Does a lapse rate exist in an isolated gas under a gravitational field, or is it only a bulk convective effect? This essentially was the dispute between Lochsmidt, Maxwell and Boltzman at the end of the 19th century. Maxwell and Boltzman argued that such an isolated atmosphere would reach an isothermal temperature. Nearly every physicist since then would agree with Maxwell since a persistent temperature gradient appears to violate the second law of thermodynamics. A modern analysis of this problem has recently been given by Christian Fronsal, a theoretical physicist at the University of California . He proposes using a centrifuge to resolve this issue one way or the other. Renewed interest has also been triggered by a seemingly positive temperature gradient observed in an isolated water column under gravity . Such an experimental test using a gas centrifuge is shown in figure 1, and described below.
Gas centrifuges such as those used for Uranium isotope separation can spin at well over 1000 revs/sec simulating huge gravitational fields. For a gas chamber with radius R and an inner bore of radius ‘a’ spinning at an angular velocity , the effective gravitatonal acceleration at a distance z inwards from the rim is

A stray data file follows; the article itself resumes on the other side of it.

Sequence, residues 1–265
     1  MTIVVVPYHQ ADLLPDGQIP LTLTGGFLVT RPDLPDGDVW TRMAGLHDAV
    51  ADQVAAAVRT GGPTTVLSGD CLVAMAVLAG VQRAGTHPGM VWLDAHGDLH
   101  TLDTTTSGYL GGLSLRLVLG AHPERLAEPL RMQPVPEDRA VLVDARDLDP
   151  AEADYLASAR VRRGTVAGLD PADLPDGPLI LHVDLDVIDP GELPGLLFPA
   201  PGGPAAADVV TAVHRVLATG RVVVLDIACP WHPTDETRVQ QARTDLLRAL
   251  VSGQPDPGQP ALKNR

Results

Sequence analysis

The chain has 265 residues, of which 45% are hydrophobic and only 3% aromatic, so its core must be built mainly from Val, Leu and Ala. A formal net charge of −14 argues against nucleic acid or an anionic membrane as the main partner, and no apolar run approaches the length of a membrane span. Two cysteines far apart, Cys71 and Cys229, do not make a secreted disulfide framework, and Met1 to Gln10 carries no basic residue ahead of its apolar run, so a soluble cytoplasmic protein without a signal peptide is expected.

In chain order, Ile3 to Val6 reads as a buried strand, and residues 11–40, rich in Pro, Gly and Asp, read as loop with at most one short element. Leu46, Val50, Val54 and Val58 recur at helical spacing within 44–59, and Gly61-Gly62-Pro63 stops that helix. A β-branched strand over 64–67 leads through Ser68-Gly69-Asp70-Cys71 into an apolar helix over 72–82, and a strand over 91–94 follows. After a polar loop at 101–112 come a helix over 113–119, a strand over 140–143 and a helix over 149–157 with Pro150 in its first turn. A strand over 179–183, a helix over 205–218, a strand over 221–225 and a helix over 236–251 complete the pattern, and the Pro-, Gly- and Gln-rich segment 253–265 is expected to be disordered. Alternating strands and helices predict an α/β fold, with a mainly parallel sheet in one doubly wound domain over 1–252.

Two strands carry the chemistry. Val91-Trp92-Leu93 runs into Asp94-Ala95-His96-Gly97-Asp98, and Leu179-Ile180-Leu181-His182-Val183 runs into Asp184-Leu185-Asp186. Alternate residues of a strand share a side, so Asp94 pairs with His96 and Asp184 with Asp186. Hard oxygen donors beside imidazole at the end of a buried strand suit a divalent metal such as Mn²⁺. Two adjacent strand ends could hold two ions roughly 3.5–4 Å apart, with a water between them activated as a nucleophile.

For a gas with specific heat Cp the lapse rate is
Assuming a centrifuge with an outer radius of 10cm and an inner radius of 1 cm spinning at 100 rev/sec, the predicted lapse rate temperature gradient is shown in figure 2. It is assumed that the centrifuge is surrounded by a heat bath held at 15C and that the inner bore is a vacuum. Using air in the centrifuge the temperature at the inner radius is then predicted to be 2 degreec C. lower than the outer radius. Such a large effect would be easy to measure with thermocouples. Now substituting CO2 instead of air increases slightly the effect by a further 0.3C, while replacing it with argon produces the largest effect with a drop of 3.7 degrees C. Lochsmidt originally calculated a lapse rate g/Cv instead of g/Cp. This corresponds to zero work being done (PdV) ( see understanding the lapse rate ). The results assume in figure 2 assume g/Cp.
This experiment would be of moderate cost and well within the means of a university physics department. My personal opinion is that initially adiabatic compression will create a temperature gradient which then rapidly conducts through collisions to a single uniform temperature. Despite this, such an experiment is still worthwhile because it would resolve this dispute once and for all. Perhaps it has even already been done !
1. Heat and Gravitation. I. The Action Principle, Christian Fronsal, Univ. Califormia, 2011.
2. Graeff, R.W. see http://firstgravitymachine.com/descript_B372_V_5.pdf 2007.